God's Omnipotence: Part 7, The Burning Bush and the Sun

So, in Katherine Sonderegger's Systematic Theology: The Doctrine of God she's looking for two things, among others, to understand God's power and omnipotence.

First, she's looking for a non-causal account of God's power. For Sonderegger, we need to maintain a "critical distinction between Power and Causality." The reasons for this have been explored over the first six posts of this series, how implicating God in creaturely causality creates all sorts of theological problems. So, instead of a causal account of God's power, Sonderegger is looking for what she calls a compatibilist account. That is to say, instead of God's power competing alongside creaturely powers, God's power is compatible with creaturely powers allowing Creation to stand "freely" with a material and causal integrity in and of itself.

Sonderegger's biblical image for this compatibilism is Moses's encounter with God in the burning bush. The bush burns with divine Fire, but the bush is not consumed. God's power doesn't displace, override, meddle, or interfere with the natural life and creaturely integrity of the bush. A botanist, as a botanist, wouldn't find anything strange going on with the bush as a plant. And yet, God's Power is Present in and flashes forth from the bush.

In as similar way, for Sonderegger, all of creation is like the burning bush. God's Power is everywhere present in creation, a power, like with the burning bush, that flashes out and becomes visible at times. God's power isn't like a Cosmic CEO who dips in and out of creation to interfere with the causal flux. God is, rather, that Hidden Presence and Fire that burns everywhere, yet doesn't consume or displace creation.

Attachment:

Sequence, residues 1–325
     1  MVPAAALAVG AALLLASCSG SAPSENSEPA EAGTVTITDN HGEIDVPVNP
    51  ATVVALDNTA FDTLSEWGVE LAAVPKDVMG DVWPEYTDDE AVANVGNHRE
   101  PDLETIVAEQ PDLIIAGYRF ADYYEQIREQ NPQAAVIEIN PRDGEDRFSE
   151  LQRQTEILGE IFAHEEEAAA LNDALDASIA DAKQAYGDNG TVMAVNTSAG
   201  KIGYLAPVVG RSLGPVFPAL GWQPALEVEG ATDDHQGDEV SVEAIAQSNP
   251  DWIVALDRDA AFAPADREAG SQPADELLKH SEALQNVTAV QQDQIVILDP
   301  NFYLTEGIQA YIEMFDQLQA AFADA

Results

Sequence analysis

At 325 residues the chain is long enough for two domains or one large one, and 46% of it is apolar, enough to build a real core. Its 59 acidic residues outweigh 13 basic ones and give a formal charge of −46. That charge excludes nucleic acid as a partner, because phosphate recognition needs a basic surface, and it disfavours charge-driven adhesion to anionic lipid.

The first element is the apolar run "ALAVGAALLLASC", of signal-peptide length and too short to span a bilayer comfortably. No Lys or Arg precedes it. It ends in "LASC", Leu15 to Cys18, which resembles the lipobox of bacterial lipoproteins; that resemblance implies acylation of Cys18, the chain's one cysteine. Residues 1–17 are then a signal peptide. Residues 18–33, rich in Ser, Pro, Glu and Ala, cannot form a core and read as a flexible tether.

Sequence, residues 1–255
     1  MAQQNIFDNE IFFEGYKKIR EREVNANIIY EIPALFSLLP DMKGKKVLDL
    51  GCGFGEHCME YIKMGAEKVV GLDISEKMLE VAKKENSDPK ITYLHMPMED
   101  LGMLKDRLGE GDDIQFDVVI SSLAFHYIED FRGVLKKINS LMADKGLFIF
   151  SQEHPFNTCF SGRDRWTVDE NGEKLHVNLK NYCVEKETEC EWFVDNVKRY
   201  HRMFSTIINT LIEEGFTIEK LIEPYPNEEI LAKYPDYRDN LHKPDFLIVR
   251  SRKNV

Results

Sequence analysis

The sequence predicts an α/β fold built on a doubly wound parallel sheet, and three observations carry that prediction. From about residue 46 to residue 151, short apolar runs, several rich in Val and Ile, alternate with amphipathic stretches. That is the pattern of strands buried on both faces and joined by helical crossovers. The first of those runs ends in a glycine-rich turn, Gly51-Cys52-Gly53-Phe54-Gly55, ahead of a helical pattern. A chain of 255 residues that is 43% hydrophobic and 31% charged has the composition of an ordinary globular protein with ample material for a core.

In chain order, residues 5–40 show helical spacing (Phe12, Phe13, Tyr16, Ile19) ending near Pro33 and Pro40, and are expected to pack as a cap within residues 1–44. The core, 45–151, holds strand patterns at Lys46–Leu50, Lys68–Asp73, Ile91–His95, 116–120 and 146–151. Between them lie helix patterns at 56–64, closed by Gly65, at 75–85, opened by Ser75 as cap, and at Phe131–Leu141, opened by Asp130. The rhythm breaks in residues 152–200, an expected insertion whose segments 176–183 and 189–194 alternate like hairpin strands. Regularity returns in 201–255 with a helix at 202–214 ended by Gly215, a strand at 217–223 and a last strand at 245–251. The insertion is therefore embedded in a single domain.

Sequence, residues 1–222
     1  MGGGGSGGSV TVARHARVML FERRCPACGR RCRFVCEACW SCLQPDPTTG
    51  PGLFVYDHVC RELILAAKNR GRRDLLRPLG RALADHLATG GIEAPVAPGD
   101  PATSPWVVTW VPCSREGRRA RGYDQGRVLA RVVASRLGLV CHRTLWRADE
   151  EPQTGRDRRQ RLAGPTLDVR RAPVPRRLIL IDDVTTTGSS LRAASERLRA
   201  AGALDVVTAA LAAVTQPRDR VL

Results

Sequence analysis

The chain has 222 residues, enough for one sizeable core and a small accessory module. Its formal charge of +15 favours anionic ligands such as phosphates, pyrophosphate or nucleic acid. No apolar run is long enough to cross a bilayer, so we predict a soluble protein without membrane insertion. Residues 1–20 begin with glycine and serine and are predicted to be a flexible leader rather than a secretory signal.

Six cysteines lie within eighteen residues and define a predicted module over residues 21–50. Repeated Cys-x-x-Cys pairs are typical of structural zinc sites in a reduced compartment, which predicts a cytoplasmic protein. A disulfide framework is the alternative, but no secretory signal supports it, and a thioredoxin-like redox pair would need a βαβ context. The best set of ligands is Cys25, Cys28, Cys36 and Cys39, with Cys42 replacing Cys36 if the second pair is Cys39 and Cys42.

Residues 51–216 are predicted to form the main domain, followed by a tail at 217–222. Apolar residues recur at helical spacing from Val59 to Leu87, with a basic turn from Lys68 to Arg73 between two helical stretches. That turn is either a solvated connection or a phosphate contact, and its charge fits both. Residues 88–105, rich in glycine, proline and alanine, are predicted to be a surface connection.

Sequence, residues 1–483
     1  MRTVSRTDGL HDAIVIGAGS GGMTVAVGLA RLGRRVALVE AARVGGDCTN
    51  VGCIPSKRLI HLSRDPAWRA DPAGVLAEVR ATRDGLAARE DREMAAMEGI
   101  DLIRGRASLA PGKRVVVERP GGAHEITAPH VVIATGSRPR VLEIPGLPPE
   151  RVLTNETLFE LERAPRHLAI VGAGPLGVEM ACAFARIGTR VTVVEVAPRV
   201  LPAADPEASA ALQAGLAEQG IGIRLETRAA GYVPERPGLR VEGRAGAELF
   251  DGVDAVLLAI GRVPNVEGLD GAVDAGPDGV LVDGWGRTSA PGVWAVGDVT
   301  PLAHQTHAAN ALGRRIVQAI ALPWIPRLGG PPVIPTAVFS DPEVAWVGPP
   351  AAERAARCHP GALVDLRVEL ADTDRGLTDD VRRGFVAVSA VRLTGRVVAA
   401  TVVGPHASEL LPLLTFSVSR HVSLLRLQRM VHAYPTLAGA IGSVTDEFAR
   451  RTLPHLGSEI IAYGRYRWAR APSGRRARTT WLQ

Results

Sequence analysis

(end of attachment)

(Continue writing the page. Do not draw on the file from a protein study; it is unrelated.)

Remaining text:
So, think of all of creation as the burning bush and you're getting close to what Sonderegger praises as God omnipotence. To be sure, says Sonderegger, this relationship cannot be explained. The burning bush is just a signpost pointing to this compatible, non-causal relationship between God and Creation. And this signpost is about as close as our minds can approach. Again, we can say too much about God.

A second thing that Sonderegger is looking for in her theological account of omnipotence is an analogy for God's power that allows us to grasp God's power as power, yet keeps clear the differences between God's power and our power. Again, as discussed in the last few posts, Sonderegger thinks our imaginations of power are too anthropomorphic, power as Thanos with the Infinity Gauntlet, so we need an analogy of God's power that will help police the differences between our power and God's.

To do this, Sonderegger borrows an analogy from Aquinas and the scholastic tradition. God's power is like the sun. Sonderegger writes,
The sun does not bring forth its likeness...The lush greenery of plants and trees do not resemble its cause, the sunlight. Birds bring forth birds; humans parent, human children; but the sun brings forth not its own kind, but another. That is its power as universal cause. Mutatis mutandis, the Lord God does not bring forth effects uniform to the Creator, the Divine Cause, nor can we see in the earthly effect a heavenly Cause that is direct, unhindered, and similar. We are in the land of unlikeness! 
Like the sun, God's power gives rise to all power and causality--God is omnipotent--but God's power is radically unlike the powers and causes it creates and sustains.

The idea here is that, like the sun--this is an analogy--God is the Source of all power and causality, but as the Source God's Power and Causality isn't like any of the powers or causes it gives rise to. And this Power and Fire, like we see in the burning bush, burns throughout all of creation, animating and sustaining all things.

These two images, the burning bush and the sun, give us the biblical sign and the human analogy we need to grasp God's power as energy.

That idea, Sonderegger's proposal to view God's power as energy, is what I'll unpack in the next post.

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